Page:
Standing before a wall of wooden chairs and the half-interested students that occupied them, the professor of my intro level astronomy class was droning on about dwarf stars or nebulas.
It was my junior year at Indiana University, and though I am as curious as anyone about the birth and inevitable death of our solar system and all its inhabitants, my mind was elsewhere. I was having an epiphany, or so I thought.
Filmmaking, and not journalism, was my calling, I concluded, and it only took enrolling in this boring but academically necessary class with a bunch of hungover and possibly still drunk freshmen to realize as much.
They really ought to change the name of this class to “Figure Yourself Out While Some Guy Rambles on About Supernovas.”
I began writing short films and attending only those classes I believed had something to offer my new career path, such as the broadcast journalism class where they taught us how to use Apple’s Final Cut Pro.
In the months that followed, I made a few shorts, wrote a feature-length script about an ex-girlfriend and mailed it to her, landed myself on academic probation and spent many, many nights in edit bays on campus cutting together my films.
By the following semester, I came to my senses and realized the life of an aspiring director was no place for someone who had grown accustomed to luxuries such as food and electricity.
Looking back, my brief flirtation with filmmaking was a lot like someone opening a restaurant because they like to eat.
It might not have done much for my grades, but that semester did help enrich my appreciation of movies and the people who work so hard to bring us even the crappiest films. Yes, even “Transformers.”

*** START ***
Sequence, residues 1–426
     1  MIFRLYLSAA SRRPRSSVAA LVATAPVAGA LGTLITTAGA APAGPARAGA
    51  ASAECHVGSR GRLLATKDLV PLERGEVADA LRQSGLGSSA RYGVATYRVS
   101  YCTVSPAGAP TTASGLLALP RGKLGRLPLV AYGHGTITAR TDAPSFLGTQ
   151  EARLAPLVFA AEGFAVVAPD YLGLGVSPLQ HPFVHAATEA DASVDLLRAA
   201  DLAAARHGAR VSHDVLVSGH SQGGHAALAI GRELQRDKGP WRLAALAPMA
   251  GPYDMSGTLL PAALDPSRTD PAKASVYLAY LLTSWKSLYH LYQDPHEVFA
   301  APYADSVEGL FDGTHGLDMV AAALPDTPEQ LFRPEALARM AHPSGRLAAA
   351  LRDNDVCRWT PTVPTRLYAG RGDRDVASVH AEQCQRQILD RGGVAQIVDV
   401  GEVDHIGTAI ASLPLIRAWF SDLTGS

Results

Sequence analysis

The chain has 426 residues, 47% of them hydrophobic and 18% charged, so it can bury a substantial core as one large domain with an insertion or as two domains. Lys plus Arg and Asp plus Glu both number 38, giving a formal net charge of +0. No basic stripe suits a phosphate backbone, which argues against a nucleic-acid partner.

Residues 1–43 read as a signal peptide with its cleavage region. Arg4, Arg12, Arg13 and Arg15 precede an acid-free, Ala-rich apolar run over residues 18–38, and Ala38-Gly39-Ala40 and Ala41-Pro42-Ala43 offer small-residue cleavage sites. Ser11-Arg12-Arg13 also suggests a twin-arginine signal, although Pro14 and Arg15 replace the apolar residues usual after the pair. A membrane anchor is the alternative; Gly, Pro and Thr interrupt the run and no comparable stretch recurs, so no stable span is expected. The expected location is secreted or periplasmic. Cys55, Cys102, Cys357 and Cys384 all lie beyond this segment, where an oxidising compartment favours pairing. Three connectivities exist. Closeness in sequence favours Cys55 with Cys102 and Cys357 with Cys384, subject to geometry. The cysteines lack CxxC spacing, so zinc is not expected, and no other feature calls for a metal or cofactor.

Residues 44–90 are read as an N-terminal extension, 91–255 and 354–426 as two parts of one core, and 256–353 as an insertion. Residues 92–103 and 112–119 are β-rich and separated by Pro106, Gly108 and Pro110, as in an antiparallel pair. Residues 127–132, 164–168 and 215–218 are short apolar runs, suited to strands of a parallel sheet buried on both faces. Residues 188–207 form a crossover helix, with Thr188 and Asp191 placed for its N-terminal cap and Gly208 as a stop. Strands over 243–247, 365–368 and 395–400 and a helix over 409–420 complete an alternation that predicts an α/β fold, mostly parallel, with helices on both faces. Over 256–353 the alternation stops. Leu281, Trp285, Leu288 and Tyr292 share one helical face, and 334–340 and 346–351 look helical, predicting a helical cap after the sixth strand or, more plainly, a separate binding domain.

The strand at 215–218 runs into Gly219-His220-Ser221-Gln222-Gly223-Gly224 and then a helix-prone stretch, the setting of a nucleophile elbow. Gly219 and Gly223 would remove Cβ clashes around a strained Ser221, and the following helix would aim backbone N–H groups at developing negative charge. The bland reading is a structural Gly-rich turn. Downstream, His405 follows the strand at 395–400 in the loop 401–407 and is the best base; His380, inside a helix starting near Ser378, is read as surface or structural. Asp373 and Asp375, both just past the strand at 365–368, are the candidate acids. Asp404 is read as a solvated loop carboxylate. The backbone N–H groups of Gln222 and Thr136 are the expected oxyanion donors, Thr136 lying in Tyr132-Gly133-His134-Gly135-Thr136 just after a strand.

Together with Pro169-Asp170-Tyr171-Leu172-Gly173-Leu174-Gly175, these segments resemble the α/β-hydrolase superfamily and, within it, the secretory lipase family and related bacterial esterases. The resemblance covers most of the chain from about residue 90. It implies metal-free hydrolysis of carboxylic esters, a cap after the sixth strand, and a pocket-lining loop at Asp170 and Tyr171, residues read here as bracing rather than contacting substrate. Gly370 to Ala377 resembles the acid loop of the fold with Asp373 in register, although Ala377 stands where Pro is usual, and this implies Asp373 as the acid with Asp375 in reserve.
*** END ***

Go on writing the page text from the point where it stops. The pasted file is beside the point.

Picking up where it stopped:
Given that, it should come as little surprise the Academy Awards are always a special night for me as Hollywood honors the actors, filmmakers, editors, costume designers and countless others who brought us the year’s most memorable moments in film.
In honor of the Oscars, this week’s playlist features eight notable cameos by musicians in some of my favorite movies.
• Bruce Springsteen, “Brilliant Disguise” — For my money, there’s no better cameo than The Boss’ appearance in “High Fidelity,” plucking his Stratocaster and counseling John Cusack on how to talk to his ex-girlfriends.
• No Doubt, “Sunday Morning” — It was a stroke of genius casting former No Doubt lead singer Gwen Stefani as actress Jean Harlow alongside Leonard DiCaprio’s Howard Hughes in Martin Scorcese’s “The Aviator.”
• Red Hot Chili Peppers, “Higher Ground” — Before the Chili Peppers sprung onto the alternative music scene, frontman Anthony Kiedis appeared as surfer/thug Tone in Kathryn Bigelow’s “Point Break.”
• Motörhead, “Ace of Spades” — No cameo is more purely awesome than when Lemmy, cigarette in hand, exclaims “I was editor of the school magazine!” in “Airheads.”
• Alice Cooper, “No More Mr. Nice Guy” — Alice Cooper lecturing a stunned Wayne and Garth on the history of Milwaukee, Wis., is part of what made “Wayne’s World” such an iconic movie.
• Huey Lewis and the News, “If This Is It” — The least the makers of “Back to the Future” could do is give Huey Lewis a role as a snooty talent show judge given how huge a part of the film his songs are.
• Alanis Morissette, “Hand in My Pocket" — Alanis as God in Kevin Smith’s “Dogma” is one of the more fun and surprising cameos in recent memory.
• Tom Waits, “Hold On” — Iggy Pop and Tom Waits share cigarettes to celebrate that they quit smoking in indie deity Jim Jarmusch’s delightfully weird “Coffee and Cigarettes.”
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